One of several games between Adolph Anderssen, probably the best player after Morphy quit, and Carl Mayet provides the first middlegame position in Rashid Ziyatdinov's GM-RAM: Essential Grandmaster Knowledge (2000). This position is not that one, but stems from earlier in the game. This position precedes the critical point when Anderssen launched his mating combination.
White to move
Mayet played 5.Bxc6. His move has not become common. Indeed, in the eight other instances I found, five are from youth events. I believe Mayet's move is a positional error. Perhaps he thought removing the knight prepared 6.d4, but the immediate 5.d4 is possible with the idea of meeting 5...exd4 with 6.e5!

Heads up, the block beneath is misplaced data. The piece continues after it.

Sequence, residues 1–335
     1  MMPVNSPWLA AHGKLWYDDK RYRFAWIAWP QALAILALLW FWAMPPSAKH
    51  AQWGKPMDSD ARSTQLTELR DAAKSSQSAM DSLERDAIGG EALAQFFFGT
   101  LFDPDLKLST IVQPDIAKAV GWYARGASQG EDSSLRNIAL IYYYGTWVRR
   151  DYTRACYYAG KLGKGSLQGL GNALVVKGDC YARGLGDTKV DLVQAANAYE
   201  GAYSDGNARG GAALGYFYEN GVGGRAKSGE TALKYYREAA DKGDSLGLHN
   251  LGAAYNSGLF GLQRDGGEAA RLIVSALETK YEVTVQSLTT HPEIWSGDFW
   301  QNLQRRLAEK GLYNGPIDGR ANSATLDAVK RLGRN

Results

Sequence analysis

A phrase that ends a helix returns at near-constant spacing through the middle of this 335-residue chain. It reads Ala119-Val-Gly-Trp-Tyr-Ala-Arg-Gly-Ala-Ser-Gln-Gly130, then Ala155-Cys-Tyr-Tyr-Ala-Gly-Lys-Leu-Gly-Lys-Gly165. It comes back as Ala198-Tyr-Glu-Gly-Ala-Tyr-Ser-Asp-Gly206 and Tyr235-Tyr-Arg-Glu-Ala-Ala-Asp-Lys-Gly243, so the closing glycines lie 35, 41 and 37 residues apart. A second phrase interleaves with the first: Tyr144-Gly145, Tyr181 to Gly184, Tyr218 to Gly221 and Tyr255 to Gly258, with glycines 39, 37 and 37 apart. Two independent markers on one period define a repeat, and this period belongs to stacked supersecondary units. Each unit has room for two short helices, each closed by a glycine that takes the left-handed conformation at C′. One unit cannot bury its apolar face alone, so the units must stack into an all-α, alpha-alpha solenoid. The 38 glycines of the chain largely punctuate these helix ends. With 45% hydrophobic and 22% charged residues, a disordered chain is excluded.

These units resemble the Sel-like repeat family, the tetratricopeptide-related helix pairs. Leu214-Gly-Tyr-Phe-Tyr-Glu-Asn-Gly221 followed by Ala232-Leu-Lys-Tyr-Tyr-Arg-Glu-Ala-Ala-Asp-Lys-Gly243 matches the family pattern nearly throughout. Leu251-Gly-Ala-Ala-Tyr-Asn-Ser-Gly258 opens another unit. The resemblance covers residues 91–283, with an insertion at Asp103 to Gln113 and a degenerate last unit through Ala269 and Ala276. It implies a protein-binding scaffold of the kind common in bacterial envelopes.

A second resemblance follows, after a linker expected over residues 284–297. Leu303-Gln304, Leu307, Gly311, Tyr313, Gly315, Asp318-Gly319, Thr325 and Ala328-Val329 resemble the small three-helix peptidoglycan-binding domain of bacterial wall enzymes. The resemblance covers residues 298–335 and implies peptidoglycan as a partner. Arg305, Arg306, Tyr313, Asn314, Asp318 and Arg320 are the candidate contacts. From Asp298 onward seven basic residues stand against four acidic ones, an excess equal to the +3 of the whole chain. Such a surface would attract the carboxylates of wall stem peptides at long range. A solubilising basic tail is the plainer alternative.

What principles explain the assessment that 5.Bxc6 is a positional error? I'm tempted to claim that bishops are superior to knights, but it is too early in the opening to rest on this principle, which becomes dogma in such assertions. In the Spanish Opening, White's light-squared bishop often becomes a critical attacking piece. Even so, White gives it up in the exchange variation, but c2-c3, which Mayet played the previous move, makes less sense in such lines.
I think the move is an error, but I'm not confident in my explanation why.
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